Will Tom Wheeler Be On The Side Of ‘Media Justice’?
Above: FCC Chairman Tom Wheeler visits the encampment occupying the FCC on May 14th 2014.
New Mexico Youth have Tremendous Opportunity to Question FCC Chair Tom Wheeler about the Need to Treat the Internet as a Public Utility where there is No Discrimination
Despite claiming to be one of the founding countries of the Internet, the United States has fallen behind the rest of the world in improving both the percentage of the population with access to and the overall quality of this vital service that people, especially young people, are quick to liken to something as important as water.
The United States is 25th in the world for percentage of a country’s population with Internet access. Only 81% of the United States has access to the Internet according to 2012 data from the World Bank. Even more shocking is that we are 39th in the world for download speed with 21.1 Mbps on average according to a 2014 study by the global internet speed test site Ookla.
Right now the FCC is considering a policy change that will make these problems worse. A proposed rule would allow telecommunication and broadband companies to charge content providers like Netflix or the New York Times or even this very website for a viable connection to their users. This would undermine one of the founding principles of the Internet – Net Neutrality – effectively rendering the Internet into something that resembles cable television. This would continue to worsen the already slipping global Internet ranking of the United States at a time when utilizing cutting edge technologies like the web is the cornerstone of our economy.
The state of the Internet in the U.S. is not a fringe concern for technologists and website managers but something of practical concern to Americans around the country that see access to high quality Internet as something that is key to their own social and economic future. Perhaps this is why the Chairman of the Federal Communications Commission (FCC), Tom Wheeler, has a particular interest in the state of New Mexico.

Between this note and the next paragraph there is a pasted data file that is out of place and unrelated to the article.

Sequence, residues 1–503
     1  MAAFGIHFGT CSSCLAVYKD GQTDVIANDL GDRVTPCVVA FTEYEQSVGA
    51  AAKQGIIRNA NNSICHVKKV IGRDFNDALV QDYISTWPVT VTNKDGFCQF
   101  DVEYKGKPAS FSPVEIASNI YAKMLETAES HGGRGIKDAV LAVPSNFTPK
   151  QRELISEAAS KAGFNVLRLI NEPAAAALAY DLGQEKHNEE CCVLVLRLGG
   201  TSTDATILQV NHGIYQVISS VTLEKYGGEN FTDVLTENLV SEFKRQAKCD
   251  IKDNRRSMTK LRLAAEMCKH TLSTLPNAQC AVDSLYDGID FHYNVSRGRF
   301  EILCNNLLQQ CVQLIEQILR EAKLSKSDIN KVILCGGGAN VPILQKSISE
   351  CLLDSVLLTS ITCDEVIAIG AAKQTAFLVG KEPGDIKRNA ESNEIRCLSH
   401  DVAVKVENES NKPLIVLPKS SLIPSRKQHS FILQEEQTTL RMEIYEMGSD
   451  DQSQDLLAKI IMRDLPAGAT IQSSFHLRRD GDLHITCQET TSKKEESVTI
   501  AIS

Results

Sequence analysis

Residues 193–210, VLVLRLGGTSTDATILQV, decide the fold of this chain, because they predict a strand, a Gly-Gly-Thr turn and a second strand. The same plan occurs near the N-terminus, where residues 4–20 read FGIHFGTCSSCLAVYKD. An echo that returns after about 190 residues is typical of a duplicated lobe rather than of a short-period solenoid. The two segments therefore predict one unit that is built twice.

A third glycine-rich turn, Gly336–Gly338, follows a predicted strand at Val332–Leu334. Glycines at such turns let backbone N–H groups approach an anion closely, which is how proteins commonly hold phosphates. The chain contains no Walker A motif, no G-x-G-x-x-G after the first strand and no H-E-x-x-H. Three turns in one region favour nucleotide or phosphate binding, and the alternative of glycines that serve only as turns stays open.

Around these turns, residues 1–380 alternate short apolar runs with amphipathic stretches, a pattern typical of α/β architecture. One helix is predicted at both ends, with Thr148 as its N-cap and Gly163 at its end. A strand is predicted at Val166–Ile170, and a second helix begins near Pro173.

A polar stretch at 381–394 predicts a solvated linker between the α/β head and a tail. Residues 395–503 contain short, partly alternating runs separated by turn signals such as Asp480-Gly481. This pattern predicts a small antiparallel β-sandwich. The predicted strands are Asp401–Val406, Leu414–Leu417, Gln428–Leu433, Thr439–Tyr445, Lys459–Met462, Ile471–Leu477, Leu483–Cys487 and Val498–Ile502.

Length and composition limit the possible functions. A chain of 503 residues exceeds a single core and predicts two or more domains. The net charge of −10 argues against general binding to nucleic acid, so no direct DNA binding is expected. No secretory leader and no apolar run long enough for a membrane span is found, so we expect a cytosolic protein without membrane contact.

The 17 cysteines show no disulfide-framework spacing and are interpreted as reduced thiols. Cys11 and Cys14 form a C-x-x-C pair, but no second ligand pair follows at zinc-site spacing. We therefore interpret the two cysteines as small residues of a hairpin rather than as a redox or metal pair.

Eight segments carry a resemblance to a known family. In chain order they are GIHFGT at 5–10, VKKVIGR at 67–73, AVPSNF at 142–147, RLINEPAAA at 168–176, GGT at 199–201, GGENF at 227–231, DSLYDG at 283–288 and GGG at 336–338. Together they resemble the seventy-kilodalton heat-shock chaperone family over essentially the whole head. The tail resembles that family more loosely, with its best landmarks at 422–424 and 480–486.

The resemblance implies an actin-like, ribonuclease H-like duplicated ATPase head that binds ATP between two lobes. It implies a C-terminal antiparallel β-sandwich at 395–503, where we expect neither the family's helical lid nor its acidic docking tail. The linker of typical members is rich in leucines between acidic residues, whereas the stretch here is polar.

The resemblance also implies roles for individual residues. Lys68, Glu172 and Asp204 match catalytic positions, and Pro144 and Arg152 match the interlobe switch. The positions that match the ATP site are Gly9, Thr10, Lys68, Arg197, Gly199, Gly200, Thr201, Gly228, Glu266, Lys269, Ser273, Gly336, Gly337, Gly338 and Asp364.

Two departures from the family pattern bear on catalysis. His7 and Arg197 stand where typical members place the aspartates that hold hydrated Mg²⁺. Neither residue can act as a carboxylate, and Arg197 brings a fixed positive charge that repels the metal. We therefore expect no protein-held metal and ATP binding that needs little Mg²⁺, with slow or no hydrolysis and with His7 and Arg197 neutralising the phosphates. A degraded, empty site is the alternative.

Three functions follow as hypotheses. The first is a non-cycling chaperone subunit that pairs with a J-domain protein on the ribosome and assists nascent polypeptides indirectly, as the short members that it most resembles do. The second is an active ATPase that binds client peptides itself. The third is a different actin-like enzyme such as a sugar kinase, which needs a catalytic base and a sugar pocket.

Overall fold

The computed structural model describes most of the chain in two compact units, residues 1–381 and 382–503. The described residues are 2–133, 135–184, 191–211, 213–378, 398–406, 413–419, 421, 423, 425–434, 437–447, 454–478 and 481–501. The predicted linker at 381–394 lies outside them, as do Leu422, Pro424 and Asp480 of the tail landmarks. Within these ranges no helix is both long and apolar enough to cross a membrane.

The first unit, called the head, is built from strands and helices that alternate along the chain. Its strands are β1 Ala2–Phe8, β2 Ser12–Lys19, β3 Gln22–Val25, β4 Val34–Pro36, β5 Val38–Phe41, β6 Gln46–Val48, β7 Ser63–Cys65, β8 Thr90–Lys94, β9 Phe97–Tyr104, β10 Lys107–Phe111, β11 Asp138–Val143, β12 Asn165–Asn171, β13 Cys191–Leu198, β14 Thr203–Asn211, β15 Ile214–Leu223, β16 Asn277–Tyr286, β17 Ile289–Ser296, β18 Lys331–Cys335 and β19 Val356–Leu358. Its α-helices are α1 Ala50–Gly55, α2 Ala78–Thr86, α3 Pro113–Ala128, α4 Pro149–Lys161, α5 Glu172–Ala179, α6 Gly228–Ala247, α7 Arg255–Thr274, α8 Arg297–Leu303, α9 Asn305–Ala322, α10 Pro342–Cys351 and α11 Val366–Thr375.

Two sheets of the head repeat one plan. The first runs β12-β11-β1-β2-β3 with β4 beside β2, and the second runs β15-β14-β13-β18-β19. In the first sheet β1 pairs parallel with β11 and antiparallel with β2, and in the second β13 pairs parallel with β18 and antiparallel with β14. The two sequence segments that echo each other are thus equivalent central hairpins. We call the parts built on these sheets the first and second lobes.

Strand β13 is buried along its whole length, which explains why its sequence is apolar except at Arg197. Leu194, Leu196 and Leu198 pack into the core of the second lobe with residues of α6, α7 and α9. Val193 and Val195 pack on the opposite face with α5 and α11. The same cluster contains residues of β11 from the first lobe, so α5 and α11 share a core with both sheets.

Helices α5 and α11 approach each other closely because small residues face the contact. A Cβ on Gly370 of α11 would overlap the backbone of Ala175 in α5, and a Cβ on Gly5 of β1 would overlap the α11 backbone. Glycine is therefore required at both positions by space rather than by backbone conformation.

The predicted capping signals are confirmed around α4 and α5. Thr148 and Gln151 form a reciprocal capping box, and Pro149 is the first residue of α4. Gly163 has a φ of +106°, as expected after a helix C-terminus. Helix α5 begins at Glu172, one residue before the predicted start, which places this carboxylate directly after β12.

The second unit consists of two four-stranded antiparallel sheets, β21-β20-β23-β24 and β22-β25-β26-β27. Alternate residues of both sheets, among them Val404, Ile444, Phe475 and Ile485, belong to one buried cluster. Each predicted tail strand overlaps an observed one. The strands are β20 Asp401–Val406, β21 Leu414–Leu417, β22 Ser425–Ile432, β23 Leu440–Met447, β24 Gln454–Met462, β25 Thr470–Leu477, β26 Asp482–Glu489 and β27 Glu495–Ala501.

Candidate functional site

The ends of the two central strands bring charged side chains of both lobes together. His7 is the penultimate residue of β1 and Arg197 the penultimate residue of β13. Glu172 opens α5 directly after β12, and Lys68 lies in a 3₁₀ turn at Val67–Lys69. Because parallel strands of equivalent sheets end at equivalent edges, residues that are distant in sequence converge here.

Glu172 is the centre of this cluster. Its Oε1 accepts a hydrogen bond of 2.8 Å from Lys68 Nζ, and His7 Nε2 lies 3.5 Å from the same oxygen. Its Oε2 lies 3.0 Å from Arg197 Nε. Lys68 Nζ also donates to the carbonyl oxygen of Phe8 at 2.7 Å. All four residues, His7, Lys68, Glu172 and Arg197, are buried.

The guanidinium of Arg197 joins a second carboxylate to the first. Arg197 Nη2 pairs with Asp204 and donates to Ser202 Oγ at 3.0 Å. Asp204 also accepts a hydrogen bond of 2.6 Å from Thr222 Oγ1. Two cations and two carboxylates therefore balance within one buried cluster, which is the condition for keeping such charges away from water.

In 2010, New Mexico was ranked number 44th of the 50 states having only 68% of the population with Internet access. Today people in New Mexico still lag behind the rest of the nation in both high speed and regular Internet access. Tom Wheeler will be visiting the state this coming Monday, June 30th, to have a dialogue directly with New Mexico youth about Internet and media issues for the first time. We talked to the Campaign Coordinator of Media Literacy Project Alanna Offield about this interesting event. Media Literacy Project specifically is interested in pursuing ‘media justice,’ which Offield describes as:
“making sure that all of the families and all of the individuals in our community have the tools that they need to access, analyze and create their own media that reflects their lived experience.”
They create advocates for media justice through education about how the media works:
“We look at what images we see in the media, be it advertisements, television, or movies. We start deconstructing media by asking critical questions like, What are we being sold here? Who is this message for? What techniques of persuasion are being used? Through deconstructing, we see how misleading our media system is and how it doesn’t represent the reality for our communities. And so through deconstruction we are able to lead people toward being advocates for media justice.